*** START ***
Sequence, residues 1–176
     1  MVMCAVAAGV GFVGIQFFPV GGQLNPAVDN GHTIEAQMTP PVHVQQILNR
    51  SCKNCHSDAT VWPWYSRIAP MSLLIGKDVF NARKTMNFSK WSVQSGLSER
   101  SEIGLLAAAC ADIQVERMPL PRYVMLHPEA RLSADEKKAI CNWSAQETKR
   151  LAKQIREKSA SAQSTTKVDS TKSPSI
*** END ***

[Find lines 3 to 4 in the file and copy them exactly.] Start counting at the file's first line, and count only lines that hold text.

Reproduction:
    51  SCKNCHSDAT VWPWYSRIAP MSLLIGKDVF NARKTMNFSK WSVQSGLSER
   101  SEIGLLAAAC ADIQVERMPL PRYVMLHPEA RLSADEKKAI CNWSAQETKR